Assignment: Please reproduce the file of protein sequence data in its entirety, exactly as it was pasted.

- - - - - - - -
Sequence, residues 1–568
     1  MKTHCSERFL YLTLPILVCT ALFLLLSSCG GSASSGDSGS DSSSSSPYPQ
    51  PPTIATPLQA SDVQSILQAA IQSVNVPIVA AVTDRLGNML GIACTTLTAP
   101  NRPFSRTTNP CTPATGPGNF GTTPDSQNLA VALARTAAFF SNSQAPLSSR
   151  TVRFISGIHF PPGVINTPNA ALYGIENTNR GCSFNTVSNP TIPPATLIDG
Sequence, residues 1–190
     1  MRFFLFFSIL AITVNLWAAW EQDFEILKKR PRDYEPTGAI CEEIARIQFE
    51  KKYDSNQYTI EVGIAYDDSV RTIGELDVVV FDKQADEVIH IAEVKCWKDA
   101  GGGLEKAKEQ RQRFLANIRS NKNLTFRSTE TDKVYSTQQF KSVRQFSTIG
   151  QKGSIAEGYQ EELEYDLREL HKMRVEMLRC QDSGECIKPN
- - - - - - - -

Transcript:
Sequence, residues 1–568
     1  MKTHCSERFL YLTLPILVCT ALFLLLSSCG GSASSGDSGS DSSSSSPYPQ
    51  PPTIATPLQA SDVQSILQAA IQSVNVPIVA AVTDRLGNML GIACTTLTAP
   101  NRPFSRTTNP CTPATGPGNF GTTPDSQNLA VALARTAAFF SNSQAPLSSR
   151  TVRFISGIHF PPGVINTPNA ALYGIENTNR GCSFNTVSNP TIPPATLIDG
Sequence, residues 1–190
     1  MRFFLFFSIL AITVNLWAAW EQDFEILKKR PRDYEPTGAI CEEIARIQFE
    51  KKYDSNQYTI EVGIAYDDSV RTIGELDVVV FDKQADEVIH IAEVKCWKDA
   101  GGGLEKAKEQ RQRFLANIRS NKNLTFRSTE TDKVYSTQQF KSVRQFSTIG
   151  QKGSIAEGYQ EELEYDLREL HKMRVEMLRC QDSGECIKPN